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Dressing the Part

<p>Each spring the Met Ball brings the fashion elite (<em>Vogue</em>&rsquo;s Anna Wintour, Valentino Garavani) and Hollywood royalty (Gwyneth Paltrow, Beyoncé) to the Metropolitan Museum of Art. The event kicks off the Costume Institute&rsquo;s spring exhibition, which for the past 11 years has been curated by England native Andrew Bolton. In celebration of this year&rsquo;s <em>Punk: Chaos to Couture</em>, Bolton, whose 2011 show, <em>Alexander McQueen: Savage Beauty</em>, drew close to 700,000 visitors, tells us how he puts together the ultimate fashion show.</p>

Sex Pistols bassist Sid Vicious is just one rocker whose punk-inflected style and music will be on display.

A look from Chanel’s spring 2011 ready-to-wear collection applies the punk aesthetic to the classic Chanel jacket.

A dress by Rodarte will be on view in the D.I.Y. Destroy portion of the exhibit.

The process of planning a Costume Institute exhibition takes about 10 months in total, which is actually a very compressed amount of time, as most curators spend two to five years on an exhibition. I love the sped-up idea—it’s very much how fashion
is and it reflects the fashion calendar, so I can’t complain.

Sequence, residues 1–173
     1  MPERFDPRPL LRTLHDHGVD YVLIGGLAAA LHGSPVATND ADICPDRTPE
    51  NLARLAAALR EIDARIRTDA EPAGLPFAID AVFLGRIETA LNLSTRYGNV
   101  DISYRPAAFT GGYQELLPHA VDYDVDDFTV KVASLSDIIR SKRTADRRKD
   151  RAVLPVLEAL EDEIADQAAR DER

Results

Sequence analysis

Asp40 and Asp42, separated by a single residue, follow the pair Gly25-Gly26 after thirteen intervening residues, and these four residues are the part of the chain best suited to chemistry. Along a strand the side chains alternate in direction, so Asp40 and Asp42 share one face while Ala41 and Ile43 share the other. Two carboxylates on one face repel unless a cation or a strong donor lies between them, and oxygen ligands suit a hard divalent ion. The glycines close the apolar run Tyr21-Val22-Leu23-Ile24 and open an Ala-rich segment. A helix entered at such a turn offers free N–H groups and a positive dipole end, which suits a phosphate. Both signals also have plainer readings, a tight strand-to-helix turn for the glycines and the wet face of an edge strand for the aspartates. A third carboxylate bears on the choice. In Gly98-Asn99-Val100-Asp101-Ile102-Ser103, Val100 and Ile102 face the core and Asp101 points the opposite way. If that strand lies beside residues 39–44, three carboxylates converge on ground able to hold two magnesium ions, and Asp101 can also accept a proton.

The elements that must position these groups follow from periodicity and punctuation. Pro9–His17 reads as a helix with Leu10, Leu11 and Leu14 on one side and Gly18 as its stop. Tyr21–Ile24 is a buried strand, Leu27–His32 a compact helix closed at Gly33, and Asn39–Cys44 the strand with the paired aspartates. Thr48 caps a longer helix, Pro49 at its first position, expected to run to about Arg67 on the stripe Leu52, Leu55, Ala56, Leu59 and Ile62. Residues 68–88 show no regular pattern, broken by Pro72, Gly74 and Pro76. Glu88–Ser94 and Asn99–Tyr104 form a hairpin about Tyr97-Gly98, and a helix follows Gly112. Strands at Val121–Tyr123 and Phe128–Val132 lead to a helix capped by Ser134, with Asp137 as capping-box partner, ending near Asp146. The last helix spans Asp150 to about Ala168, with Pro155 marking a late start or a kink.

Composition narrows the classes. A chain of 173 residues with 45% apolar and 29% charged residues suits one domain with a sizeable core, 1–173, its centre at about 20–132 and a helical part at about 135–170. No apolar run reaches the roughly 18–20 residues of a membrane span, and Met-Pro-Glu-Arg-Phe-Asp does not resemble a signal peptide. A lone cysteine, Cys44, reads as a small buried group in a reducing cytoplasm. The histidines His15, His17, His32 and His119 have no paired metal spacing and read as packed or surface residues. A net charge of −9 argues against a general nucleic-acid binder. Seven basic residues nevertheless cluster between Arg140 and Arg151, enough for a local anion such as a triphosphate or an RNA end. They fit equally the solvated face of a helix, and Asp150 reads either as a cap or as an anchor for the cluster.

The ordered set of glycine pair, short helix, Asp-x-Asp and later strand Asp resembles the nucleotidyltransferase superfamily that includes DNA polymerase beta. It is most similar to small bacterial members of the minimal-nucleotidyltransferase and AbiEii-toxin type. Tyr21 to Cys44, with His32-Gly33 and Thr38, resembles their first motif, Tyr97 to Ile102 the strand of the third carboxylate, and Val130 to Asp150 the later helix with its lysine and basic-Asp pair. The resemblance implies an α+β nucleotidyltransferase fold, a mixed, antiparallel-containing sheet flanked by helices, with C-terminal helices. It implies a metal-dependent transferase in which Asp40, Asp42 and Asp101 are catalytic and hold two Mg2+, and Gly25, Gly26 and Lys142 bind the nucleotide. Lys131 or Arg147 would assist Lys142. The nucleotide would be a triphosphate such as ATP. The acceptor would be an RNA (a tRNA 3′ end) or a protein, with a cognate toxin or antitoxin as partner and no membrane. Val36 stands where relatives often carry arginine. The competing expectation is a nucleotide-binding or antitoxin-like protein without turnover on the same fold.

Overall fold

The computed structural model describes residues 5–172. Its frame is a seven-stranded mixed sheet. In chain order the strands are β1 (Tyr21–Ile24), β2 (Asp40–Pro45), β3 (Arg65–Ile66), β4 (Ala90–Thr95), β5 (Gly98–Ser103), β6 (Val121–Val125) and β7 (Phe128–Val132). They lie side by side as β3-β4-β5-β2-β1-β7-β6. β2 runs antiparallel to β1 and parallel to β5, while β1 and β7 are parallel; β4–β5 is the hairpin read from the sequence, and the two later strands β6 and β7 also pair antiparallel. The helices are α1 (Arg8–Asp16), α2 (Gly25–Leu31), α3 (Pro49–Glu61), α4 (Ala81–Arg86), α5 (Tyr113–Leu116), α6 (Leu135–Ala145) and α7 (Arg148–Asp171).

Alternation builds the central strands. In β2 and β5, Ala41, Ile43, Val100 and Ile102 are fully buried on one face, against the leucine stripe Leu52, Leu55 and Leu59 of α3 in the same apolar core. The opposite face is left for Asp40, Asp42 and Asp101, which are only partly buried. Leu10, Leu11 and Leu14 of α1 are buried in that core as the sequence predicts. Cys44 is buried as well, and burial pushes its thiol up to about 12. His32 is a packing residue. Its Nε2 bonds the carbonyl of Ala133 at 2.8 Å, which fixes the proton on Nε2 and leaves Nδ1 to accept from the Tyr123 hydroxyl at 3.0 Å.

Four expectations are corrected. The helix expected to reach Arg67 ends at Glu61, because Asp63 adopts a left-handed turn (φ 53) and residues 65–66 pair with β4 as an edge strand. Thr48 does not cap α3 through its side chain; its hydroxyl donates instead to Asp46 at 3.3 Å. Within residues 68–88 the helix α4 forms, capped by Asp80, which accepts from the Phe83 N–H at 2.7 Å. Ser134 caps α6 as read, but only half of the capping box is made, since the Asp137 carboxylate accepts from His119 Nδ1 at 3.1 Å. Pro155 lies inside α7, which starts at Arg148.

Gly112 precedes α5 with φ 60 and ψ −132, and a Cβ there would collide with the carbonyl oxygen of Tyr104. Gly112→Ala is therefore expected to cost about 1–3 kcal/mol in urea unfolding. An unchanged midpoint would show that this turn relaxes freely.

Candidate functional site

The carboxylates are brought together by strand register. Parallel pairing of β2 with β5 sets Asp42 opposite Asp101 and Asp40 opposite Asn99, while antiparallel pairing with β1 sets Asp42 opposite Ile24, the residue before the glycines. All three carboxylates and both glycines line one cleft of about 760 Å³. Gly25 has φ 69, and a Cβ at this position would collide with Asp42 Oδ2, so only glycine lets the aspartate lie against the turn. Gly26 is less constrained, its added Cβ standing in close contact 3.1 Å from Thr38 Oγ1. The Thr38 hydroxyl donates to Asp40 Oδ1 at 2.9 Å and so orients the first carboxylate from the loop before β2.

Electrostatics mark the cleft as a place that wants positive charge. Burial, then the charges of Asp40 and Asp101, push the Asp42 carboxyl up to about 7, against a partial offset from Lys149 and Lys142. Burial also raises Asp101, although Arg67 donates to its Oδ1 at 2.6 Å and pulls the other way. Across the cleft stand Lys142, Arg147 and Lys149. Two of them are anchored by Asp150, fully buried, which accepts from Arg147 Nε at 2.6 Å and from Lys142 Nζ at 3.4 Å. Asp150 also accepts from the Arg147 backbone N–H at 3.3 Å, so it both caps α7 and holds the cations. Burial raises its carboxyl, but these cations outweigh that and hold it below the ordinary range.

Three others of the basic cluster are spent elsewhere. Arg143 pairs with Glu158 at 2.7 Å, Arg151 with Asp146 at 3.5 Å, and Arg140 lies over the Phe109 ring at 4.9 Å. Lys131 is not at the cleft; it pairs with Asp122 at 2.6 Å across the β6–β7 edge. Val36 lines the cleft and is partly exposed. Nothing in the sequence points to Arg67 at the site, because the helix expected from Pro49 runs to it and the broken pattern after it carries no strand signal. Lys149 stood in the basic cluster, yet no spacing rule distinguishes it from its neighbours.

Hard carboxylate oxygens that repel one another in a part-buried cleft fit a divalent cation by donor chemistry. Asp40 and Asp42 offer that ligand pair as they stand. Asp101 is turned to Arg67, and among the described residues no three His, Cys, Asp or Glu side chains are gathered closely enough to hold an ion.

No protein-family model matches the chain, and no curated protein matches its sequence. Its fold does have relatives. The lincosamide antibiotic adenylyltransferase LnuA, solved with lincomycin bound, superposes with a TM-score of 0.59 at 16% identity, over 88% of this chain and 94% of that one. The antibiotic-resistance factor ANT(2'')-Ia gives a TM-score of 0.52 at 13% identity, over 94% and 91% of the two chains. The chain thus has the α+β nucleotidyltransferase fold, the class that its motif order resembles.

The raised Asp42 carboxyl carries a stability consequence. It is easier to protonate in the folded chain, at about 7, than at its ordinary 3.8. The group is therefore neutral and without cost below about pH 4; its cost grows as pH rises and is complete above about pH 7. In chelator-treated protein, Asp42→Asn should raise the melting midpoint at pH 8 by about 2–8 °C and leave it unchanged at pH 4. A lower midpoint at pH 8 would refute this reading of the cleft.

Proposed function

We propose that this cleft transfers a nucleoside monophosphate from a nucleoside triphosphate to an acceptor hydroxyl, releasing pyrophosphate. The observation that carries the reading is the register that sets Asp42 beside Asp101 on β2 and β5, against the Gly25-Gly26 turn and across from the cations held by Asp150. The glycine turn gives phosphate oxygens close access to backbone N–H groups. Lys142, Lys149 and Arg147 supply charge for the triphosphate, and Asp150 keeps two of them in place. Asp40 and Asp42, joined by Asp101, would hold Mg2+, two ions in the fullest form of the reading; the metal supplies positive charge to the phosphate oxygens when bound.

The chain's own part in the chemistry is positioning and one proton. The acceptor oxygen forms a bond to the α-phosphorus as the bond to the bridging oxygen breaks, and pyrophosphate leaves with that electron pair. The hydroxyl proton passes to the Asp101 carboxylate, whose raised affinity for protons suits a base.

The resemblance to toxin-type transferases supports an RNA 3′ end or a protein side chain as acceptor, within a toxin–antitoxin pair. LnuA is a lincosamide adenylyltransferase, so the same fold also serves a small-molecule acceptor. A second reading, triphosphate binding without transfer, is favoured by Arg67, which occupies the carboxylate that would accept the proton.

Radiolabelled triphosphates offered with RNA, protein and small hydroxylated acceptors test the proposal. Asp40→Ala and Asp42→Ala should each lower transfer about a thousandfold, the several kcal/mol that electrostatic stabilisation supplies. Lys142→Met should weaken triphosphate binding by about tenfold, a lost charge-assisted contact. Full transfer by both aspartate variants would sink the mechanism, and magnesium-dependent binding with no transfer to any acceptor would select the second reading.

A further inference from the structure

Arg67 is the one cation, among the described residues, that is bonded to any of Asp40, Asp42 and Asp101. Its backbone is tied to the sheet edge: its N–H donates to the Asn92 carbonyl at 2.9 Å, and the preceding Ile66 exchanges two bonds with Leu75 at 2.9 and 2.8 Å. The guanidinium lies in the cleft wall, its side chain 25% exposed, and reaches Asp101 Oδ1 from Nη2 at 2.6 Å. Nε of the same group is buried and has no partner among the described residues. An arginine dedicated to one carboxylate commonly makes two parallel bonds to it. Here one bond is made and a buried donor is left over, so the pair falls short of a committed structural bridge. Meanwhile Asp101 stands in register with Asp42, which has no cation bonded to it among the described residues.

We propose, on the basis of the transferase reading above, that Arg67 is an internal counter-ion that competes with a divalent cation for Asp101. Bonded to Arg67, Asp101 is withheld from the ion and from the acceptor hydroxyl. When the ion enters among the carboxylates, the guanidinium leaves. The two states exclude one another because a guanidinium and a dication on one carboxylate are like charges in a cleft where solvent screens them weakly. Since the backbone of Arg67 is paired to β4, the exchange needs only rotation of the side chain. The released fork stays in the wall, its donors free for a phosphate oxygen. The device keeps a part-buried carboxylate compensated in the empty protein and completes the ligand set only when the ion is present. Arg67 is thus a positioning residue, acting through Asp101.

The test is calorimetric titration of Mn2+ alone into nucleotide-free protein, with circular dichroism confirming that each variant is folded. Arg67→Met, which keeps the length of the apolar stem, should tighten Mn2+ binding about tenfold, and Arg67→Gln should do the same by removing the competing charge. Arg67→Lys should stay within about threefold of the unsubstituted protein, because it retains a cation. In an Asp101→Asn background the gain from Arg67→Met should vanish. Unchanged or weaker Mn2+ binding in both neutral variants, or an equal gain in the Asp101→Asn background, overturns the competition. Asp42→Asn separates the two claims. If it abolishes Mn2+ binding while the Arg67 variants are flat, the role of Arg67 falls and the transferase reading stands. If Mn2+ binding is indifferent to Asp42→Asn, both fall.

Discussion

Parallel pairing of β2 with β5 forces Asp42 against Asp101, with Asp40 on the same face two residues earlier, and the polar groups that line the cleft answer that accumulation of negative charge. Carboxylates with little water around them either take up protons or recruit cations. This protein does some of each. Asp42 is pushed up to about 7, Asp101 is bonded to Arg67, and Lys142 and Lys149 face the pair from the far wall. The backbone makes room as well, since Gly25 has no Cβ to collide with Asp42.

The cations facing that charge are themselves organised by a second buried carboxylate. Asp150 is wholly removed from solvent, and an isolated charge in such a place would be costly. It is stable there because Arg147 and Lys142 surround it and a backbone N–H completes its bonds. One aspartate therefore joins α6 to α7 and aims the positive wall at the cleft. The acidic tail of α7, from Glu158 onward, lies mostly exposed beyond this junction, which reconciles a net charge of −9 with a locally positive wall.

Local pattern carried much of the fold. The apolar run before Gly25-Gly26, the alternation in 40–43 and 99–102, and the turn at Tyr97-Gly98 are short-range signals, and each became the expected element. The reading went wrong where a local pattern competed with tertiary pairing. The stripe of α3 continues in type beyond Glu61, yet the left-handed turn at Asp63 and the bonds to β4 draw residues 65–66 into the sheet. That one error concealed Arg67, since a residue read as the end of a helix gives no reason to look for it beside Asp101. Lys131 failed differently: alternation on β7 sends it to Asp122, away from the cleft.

Usually, when planning the exhibitions, I don’t start my research until June or July, after I’ve finished all of the lectures and tours of the year’s current show. Initially, I come up with the concept, which gets rigorously refined as we start looking for garments and images. Garment loans are always tricky because you have to compromise along the way: Either the designers don’t have the piece you want in their archive or they’re unwilling to lend or they’re in bad condition. For this year’s exhibition, Punk: Chaos to Couture, we didn’t have the final objects until mid-March.

For the garments that are featured in Punk, I focused on designers who have consistently looked to it as an aesthetic or attitude: John Galliano, Karl Lagerfeld, Rei Kawakubo, Junya Watanabe. The theme was something I had been thinking about for a while, and part of it was personal, because I was about 8 or 9 years old when it really hit. Growing up in England in the ’70s, punk was extreme compared with everything else that was happening there and in New York. I wanted to showcase this movement that used fashion as a powerful tool to express one’s individuality while offering a critique of the status quo. For me, fashion isn’t just about wearability; it’s about expressing concepts and ideas through clothing.

For an exhibition to be successful, it needs to be relatable on many levels. Alexander McQueen: Savage Beauty was an extraordinary experience because McQueen was a hero of mine. It was moving for so many people, but it’s almost impossible to replicate because of the circumstances. I think with Punk, perhaps more than with Savage Beauty, there’s a balance between the fashions people deem as wearable and those that are conceptual. In these exhibitions the clothes need to tell the story. A show that transforms you, makes you think differently and challenges your expectations—that’s what we try to achieve.